KANSAS CITY, Kan. — Records show Kansas City, Kansas is facing a mounting debt problem.
A report put together by the Unified Government's Chief Financial Officer shows KCK compares unfavorably to 10 other similar cities.
Kathleen VonAchen prepared the report and presented it to UG Commissioners in December in advance of putting together the next year's budget.
VonAchen compares KCK to Broomfield, Colorado; Lincoln, Nebraska; Overland Park; Omaha, Nebraska; Springfield, Missouri; Wichita; Columbus, Georgia; Des Moines, Iowa; Topeka and Cleveland, Ohio.
One of the first examples she showed commissioners was a bar graph with assessed market value per person or per capita.
The UG came in dead last among the peer cities VonAchen chose at $8,160 per capita.
The average of all the peer cities is $26,839 per capita, with Omaha with the highest and best figure at $70,044 per capita.
"The need to improve our assessed value throughout our county is greatly demonstrated by this graph," VonAchen said.
While the UG's assessed property value is low compared to the 10 cities, it's debt is much higher than those cities.
In a second graph VonAchen showed commissioners, the UG's general obligation debt as a percentage of assessed property value is 22.6 percent, by far the highest percentage of any of the 10 other peer cities.
The average for all the peer cities is 4 percent with the second highest Topeka at 13 percent.
VonAchen says one reason the UG's debt is at a high level is because commissioners are spending more money on infrastructure projects in their districts than she's recommended in past budgets.
"We're trying to address that," she said.
Another graph shows the UG's general fund balance as a percentage of overall spending is again the worst of all the peer cities at 21 percent.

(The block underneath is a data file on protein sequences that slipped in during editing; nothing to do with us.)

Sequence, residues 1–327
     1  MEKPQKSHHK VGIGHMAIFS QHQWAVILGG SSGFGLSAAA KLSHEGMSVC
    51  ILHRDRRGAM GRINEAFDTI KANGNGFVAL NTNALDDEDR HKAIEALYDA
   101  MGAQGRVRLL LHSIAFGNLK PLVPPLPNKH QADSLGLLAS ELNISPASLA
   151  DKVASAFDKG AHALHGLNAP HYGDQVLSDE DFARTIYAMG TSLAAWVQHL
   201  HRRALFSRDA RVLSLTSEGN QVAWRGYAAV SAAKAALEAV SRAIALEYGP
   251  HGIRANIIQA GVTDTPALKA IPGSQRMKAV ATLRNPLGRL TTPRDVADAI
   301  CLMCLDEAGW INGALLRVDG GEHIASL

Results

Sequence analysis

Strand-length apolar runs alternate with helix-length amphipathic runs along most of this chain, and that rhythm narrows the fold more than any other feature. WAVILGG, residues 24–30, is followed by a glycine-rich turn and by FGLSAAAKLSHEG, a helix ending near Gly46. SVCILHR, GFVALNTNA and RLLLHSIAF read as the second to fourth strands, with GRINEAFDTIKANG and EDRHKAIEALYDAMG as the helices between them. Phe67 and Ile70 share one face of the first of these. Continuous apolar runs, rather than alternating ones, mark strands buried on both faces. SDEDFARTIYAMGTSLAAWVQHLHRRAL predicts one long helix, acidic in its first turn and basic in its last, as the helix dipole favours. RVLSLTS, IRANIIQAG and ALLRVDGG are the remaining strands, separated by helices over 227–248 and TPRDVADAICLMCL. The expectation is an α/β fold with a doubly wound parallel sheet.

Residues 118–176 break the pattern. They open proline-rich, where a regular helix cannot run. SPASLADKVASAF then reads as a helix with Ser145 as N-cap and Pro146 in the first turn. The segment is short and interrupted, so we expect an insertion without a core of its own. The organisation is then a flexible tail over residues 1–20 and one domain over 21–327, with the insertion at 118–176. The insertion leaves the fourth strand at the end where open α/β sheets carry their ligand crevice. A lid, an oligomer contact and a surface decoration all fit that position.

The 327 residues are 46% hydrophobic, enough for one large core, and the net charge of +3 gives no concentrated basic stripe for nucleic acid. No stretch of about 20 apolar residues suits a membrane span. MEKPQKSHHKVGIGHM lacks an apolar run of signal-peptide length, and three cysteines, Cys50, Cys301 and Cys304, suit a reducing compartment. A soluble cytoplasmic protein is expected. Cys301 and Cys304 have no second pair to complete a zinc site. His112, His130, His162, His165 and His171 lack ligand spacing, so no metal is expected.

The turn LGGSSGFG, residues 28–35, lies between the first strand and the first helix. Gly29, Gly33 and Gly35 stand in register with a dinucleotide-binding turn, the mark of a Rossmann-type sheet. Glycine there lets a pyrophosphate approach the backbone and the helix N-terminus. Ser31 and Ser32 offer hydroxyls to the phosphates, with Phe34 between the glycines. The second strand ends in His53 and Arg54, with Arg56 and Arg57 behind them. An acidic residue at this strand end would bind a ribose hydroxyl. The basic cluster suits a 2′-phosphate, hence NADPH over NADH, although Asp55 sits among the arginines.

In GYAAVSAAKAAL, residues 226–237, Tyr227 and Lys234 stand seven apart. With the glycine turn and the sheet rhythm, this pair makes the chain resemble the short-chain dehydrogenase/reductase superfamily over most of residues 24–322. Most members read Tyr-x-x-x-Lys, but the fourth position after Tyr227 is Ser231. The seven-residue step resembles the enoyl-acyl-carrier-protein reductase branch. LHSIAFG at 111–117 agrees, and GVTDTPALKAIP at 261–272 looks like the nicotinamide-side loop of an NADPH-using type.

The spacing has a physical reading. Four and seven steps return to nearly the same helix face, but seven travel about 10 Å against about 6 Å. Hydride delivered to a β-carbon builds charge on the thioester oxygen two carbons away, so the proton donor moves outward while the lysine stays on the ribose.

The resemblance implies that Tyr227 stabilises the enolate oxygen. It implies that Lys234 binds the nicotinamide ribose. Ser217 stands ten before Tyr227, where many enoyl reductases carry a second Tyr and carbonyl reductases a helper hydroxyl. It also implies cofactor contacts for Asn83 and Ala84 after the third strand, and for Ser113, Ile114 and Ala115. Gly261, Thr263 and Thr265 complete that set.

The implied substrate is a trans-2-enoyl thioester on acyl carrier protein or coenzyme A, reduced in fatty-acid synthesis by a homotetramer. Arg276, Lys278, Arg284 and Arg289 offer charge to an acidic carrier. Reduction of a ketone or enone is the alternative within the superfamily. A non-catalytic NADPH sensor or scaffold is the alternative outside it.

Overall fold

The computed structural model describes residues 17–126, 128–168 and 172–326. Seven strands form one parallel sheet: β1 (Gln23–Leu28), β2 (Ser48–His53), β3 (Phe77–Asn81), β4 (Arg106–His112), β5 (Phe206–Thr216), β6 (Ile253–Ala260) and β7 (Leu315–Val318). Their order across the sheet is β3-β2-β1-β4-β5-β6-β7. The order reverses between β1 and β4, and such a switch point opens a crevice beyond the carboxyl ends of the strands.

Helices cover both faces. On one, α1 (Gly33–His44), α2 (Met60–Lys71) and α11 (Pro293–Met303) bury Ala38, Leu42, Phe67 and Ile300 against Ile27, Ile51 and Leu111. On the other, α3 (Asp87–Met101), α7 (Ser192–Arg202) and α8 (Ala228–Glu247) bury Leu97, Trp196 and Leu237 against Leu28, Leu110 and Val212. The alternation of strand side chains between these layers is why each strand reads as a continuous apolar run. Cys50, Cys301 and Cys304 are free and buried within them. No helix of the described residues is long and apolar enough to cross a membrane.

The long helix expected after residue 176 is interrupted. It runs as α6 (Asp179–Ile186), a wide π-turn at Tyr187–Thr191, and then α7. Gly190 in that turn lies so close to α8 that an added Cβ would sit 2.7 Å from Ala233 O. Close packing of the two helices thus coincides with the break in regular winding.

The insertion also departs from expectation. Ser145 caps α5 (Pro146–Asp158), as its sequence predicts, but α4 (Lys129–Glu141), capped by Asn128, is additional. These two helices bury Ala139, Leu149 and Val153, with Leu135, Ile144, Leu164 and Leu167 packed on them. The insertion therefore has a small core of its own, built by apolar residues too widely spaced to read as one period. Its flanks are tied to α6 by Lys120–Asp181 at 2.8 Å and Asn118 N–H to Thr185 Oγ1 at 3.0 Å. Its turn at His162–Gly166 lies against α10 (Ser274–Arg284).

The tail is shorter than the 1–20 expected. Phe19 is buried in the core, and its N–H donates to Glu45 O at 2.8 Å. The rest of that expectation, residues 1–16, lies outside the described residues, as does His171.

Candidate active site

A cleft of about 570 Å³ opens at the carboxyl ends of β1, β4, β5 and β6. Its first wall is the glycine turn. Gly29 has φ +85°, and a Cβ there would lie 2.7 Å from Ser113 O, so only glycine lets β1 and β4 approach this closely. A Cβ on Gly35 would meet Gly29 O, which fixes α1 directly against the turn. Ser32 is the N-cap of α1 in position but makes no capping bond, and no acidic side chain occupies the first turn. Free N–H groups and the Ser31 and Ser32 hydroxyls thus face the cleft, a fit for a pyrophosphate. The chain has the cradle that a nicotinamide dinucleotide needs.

The best is Overland Park at 80 percent, with the average for all peer cities at 34.4 percent.
VonAchen also showed commissioners the high debt level has hurt the UG's credit rating and it's ability to borrow money at a lower interest rate.
Currently, the UG has a AA rating with Standard and Poor's, the highest rating is AAA.
The UG has an A1 rating with Moody's, the highest rating is Aaa.
VonAchen says, for example, if the UG was able to increase its Moody's credit rating from A1 to Aa2, it could mean an interest savings of $944,000 for a single $15 million bond over 10 years.
"They have to improve if we're going to improve from the level that we're at now," she said.
She points out that savings could be used for more street maintenance, public safety equipment or other investments.
VonAchen also says the assessed property value per capita is a statistic commonly used by ratings agencies like Moody's.
"Our assessed value per capita is at the bottom, even compared with Wichita or Topeka," she said.
Commissioner Ann Murguia was among the group of commissioners who received the December report. She says the solution is to aggressively grow Wyandotte County's tax base with new residents and new businesses.
She notes there's been great economic growth in the western part of the county in the Legends area, but not really anywhere else.
"We have not seen that east of I-635, and frankly, not seen a lot of it east of I-435," Murguia said.
VonAchen says there are seven employees in the Economic Development Department tasked with growing the base.
"They are constantly looking for new ways to grow the tax base," VonAchen said.
VonAchen's last long-term financial forecast paints a community still facing financial challenges over the next five years.
She projects a budget shortfall in each of those years, with expenses exceeding tax revenues.
In other words, the UG won't bring in enough money to pay all its bills.
VonAchen projects the one time use of $3.8 million in the UG's reserves or savings for budget or fiscal year 2020.
She's also noted it is important to increase that reserve account to improve the UG's bond or credit rating, so dipping into that fund won't help that issue.
"Although economic indicators and tax revenues of the past 10 years reveal that the Unified Government of Wyandotte County/Kansas City, Kansas has rebounded from the Great Recession, this forecast reflects financial obligations, one-time retirement payouts and a possible recession in 2020 and/or 2021 that diminish the positive outlook in the future five year forecast," VonAchen wrote in her summary.
VonAchen projects a budget deficit in each year beginning in 2020 through 2024 totaling roughly $19.5 million combined.